Rick Wood says he’s a socially awkward stand-up comedian who entertains audiences with his music, daft one-liners and observational anecdotes. For this year’s Edinburgh Festival Fringe he’s decided to team up with a partner to produce a sketch show.
“My show this year is a first for me – my previous two shows were solo stand-up comedy. This year I’m teaming up with an actress called Victoria Cansfield and creating a sketch show called This Show Has Nothing to do With Penguins.
“True to its title, it is a sketch show full of puns, twists and bizarre characters that does, indeed, have no mention whatsoever of penguins. I felt that this was a message I really wanted to give with this show – that is has nothing to do with penguins.
“I met my co-performer when I was performing at last year’s fringe – she was visiting a friend and I just said to her “I want to do a sketch show next year,” and she said “me too.” The rest, as they say, is history.”
Why did you choose to perform as part of Laughing Horse?
“I really like how well organised Alex Petty is at this whole Edinburgh thing, I feel safe and reliable as part of the Laughing Horse. I think it has a higher quality of shows than I have seen in the other free fringe too, so I inevitably wanted to be a part of it.”
Why did you get into performing comedy and how did you get started?
“My mates at uni kind of pushed me into it. They said I was funny and I should give it a go. After shaking and sweating at the side of the stage like crazy, I went on and enjoyed it. I had a lot of mental health problems when I was younger, and am still struggling with them – and I found entertaining other people and making funny out of each situation was the way I moved forward, so it became a natural progression that I wanted to do this for a living.”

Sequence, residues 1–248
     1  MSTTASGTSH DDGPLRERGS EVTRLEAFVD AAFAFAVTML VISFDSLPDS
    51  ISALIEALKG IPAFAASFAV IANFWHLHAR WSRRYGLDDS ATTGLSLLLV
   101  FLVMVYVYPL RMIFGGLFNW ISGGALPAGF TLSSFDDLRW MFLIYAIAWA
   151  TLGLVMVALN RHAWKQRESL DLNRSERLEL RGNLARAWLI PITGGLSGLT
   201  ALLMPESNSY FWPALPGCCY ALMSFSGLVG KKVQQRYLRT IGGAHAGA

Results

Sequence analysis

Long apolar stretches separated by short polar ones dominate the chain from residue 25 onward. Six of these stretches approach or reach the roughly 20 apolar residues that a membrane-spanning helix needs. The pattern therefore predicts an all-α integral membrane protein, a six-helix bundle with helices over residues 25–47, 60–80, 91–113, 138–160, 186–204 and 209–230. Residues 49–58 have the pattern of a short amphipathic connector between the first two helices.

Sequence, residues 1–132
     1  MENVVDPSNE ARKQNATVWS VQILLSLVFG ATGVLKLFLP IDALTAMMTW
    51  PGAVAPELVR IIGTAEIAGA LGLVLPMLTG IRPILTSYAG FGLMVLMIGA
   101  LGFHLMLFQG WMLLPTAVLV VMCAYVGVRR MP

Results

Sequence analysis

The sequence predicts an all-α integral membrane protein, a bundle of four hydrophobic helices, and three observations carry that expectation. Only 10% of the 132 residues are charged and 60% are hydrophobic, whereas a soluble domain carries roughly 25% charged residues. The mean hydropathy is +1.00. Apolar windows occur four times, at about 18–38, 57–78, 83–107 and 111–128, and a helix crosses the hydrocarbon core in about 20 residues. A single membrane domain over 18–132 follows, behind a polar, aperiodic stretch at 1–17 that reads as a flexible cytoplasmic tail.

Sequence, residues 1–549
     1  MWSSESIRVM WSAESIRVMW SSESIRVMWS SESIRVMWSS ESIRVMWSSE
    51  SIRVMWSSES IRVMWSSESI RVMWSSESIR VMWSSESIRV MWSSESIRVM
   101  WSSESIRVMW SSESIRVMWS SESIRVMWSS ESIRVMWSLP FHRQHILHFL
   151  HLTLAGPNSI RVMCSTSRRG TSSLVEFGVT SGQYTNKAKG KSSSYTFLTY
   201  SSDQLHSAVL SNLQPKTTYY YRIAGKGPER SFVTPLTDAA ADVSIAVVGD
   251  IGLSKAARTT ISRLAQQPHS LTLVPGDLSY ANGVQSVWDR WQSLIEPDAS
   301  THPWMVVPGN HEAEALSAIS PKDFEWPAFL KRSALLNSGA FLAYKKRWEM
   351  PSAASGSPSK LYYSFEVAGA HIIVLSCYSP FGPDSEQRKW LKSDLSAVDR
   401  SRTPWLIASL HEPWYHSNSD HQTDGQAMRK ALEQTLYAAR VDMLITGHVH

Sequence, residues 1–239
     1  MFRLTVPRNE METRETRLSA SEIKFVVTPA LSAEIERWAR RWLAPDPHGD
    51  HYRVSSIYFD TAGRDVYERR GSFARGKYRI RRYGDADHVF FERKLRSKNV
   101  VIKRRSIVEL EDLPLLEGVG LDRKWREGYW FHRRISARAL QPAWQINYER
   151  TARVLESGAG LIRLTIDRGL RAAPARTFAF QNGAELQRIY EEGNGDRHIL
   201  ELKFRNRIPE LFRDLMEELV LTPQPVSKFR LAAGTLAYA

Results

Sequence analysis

Tell us your best, worst experiences as a comedian.
“My best is probably when I was around a year in and I won Beat the Frog in Preston. It wasn’t just that I’d won – it’s that the other acts were doing okay, then I came on and stormed it, with pretty much every third joke getting applause. It was an amazing feeling. I even had a woman afterwards ask me to autograph her breasts. Unfortunately, my response was “but I don’t have a pen.” Swarve.
“My worst is probably experiences I’ve had with other acts. I don’t want to name people specifically or go into too much detail, but whilst I have made some great friends through comedy, there are also a lot of bitchy people in this industry. I’ve thickened my skin a bit now, but when I got a huge barrage of abuse a few months in it very much dented my confidence.”
If you were curating a stand up show for television, who would be your guests?
“Andy Kaufman and Jim Carrey. I’d have liked to have interview Andy Kaufman as I just loved his kind of humour – I take great influence from him. It’s the kind of comedy where you can never quite tell when he’s joking! And Jim Carrey, simply because I grew up watching him and he is my ultimate idol. I even got banned from impersonating him when I was in four years old!